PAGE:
FutureFive NZ - App born from poverty works to feed the hungry

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App born from poverty works to feed the hungry

Oscar Ekponimo, a software engineer, has created an app that works to feed the poor in Africa.

Ekponimo is no stranger to the impoverished conditions that millions live in every day, he revealed in an article by CNN:

"I remember most times there was little or no food," says Ekponimo.

"I had to go to school without food and got by with snacks friends shared with me."

"I always said in the future I would do something to ensure others wouldn't go through what I went through."

The Chowberry app is now functional in Lagos and Abuja

Ekponimo has kept his word, by creating web app Chowberry. The app connects supermarkets to NGOs and low-income earning people. Once connected, users can buy food that’s close to expiry at a discounted rate.

Ekponimo says he has had an overwhelming positive response to Chowberry and is seeing the immediate impact on the lives of the hungry.

"We met one lady who has six children and survives on 400 naira ($1.05) a day," he said. "She sells firewood and kunu (a local drink),” says Ekponimo.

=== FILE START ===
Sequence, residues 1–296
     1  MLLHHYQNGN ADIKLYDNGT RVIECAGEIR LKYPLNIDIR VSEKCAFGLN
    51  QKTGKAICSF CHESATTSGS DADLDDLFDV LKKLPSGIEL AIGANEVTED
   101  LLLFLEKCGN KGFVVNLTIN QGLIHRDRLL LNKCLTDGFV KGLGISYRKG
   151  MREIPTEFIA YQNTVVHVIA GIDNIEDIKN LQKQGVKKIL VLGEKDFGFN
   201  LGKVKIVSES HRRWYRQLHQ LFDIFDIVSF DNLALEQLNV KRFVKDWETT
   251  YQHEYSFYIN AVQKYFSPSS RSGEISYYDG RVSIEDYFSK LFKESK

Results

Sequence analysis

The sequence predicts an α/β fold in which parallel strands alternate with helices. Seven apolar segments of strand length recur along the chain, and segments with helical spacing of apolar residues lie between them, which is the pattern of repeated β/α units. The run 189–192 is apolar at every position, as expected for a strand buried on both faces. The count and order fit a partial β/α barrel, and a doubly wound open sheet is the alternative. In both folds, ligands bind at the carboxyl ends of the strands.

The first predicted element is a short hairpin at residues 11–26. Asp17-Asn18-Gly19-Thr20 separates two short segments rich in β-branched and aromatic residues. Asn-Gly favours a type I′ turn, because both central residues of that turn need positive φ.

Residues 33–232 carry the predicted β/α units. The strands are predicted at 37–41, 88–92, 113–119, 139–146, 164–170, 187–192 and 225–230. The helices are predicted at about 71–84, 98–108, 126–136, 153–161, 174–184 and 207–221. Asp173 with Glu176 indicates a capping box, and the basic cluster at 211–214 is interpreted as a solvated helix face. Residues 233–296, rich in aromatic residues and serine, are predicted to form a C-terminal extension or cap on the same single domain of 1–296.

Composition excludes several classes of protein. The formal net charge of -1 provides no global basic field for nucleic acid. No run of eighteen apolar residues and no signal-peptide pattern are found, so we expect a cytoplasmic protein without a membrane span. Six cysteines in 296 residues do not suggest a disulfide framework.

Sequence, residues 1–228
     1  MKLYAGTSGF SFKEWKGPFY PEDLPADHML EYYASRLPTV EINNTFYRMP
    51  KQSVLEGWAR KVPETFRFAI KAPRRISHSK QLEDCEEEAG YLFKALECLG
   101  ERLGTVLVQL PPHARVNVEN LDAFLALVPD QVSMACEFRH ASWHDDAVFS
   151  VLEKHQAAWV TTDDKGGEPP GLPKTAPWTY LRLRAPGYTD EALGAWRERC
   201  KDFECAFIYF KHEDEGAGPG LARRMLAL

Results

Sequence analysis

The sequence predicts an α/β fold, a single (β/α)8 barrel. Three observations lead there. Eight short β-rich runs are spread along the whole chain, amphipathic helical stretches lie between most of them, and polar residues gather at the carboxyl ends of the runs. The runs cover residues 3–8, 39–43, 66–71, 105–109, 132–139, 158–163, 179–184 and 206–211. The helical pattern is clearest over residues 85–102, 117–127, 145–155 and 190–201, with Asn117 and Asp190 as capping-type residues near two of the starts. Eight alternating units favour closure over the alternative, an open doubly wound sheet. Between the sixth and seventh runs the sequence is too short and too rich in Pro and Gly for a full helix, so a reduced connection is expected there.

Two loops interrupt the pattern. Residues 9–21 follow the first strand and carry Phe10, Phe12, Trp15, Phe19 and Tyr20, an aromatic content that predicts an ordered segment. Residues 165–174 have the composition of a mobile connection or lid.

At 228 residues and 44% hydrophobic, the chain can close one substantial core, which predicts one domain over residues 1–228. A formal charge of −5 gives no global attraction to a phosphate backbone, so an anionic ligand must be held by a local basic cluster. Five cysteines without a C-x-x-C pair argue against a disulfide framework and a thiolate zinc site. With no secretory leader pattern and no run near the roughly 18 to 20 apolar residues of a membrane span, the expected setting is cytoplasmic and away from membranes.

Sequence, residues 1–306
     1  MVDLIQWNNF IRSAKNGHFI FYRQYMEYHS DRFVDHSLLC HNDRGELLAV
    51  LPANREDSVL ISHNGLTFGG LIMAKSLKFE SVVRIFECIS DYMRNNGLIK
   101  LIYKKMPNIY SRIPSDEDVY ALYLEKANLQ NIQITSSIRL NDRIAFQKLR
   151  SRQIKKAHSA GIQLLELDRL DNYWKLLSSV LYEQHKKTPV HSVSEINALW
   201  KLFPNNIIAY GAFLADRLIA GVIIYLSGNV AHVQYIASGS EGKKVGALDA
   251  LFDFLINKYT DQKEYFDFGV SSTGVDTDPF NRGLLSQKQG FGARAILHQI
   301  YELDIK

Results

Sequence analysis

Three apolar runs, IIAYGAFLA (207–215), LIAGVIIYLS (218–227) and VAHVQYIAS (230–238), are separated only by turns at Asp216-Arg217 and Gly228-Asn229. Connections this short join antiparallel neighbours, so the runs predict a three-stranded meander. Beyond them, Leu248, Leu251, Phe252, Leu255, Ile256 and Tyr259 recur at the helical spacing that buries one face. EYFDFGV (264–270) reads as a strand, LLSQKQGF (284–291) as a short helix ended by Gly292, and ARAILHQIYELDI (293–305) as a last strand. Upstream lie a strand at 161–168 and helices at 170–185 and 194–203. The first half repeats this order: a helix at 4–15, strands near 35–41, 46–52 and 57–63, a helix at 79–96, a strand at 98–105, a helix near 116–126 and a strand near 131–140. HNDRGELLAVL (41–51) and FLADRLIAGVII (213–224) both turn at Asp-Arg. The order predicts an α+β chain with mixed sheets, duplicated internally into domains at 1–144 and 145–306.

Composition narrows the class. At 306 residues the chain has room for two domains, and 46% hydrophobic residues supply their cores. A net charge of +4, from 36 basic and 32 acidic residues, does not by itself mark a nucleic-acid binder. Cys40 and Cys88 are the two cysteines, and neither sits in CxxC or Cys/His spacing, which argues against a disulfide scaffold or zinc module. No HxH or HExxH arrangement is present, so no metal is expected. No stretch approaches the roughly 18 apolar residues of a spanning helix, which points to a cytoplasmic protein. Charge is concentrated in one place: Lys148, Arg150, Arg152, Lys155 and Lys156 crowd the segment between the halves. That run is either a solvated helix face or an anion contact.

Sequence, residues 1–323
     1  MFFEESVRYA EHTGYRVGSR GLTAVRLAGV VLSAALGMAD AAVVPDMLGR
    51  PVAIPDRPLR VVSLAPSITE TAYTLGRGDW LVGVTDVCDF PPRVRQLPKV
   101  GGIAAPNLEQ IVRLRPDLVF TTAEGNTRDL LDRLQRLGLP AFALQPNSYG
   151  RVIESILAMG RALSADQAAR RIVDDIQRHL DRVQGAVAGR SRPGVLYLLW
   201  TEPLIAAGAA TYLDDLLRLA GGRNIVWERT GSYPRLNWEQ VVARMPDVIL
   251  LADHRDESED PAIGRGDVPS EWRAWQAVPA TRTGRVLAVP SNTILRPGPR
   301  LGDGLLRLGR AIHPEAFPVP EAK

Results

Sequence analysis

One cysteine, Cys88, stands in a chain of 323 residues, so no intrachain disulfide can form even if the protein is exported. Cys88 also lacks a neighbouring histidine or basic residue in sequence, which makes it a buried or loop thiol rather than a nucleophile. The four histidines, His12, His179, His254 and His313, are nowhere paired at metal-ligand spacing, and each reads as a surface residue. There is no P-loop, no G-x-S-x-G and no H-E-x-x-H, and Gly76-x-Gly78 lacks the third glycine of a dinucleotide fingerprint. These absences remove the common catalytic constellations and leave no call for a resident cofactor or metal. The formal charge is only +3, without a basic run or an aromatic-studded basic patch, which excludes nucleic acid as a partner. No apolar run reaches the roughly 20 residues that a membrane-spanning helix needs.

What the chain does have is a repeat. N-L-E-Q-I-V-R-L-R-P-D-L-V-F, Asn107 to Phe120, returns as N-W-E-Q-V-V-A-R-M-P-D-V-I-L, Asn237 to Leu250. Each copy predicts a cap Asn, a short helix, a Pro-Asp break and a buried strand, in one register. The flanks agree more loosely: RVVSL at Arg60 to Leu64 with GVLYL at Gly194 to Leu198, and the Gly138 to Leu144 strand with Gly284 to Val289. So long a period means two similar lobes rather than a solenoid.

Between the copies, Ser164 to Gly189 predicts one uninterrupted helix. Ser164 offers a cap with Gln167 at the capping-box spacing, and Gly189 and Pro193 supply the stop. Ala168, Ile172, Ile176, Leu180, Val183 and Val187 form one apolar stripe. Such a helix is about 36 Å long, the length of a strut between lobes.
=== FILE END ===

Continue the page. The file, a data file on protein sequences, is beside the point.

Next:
One day the task force seized her kunu for hawking in the street, and she had nothing. She had to feed her family on what she made. So it's nice to see the impact of what we're doing.”

The app was tested for three months and involved 20 supermarkets. Around 300 people were reached in Lagos and Abuja, and 150 orphans and at-risk children were fed.

According to Ekponimo, there has been heavy demand for the app to be applied to more retailers.

"We went from about 1,500 daily visits to double that. There have been requests and demand, people tell me we really want this, we're relying on what you guys are doing because things are expensive."

Estimates by the UN Food and Agriculture Organisation of 223 million people in sub-Saharan Africa being hungry or undernourished from 2014 to 2016 would mean this is the second largest number of hungry people globally.

Nigeria is a ‘food deficit’ country, which means that the country cannot provide enough food to feed its entire population.

Ekponimo’s work is a bright spot for those struggling to feed themselves and their families, and he hopes to expand to make an even larger difference to for the hungry.

"It's been a wonderful journey," says Ekponimo.

"We're expanding our work and working on scaling to other parts of the country and to other regions and possibly replicating it in other parts of the world."

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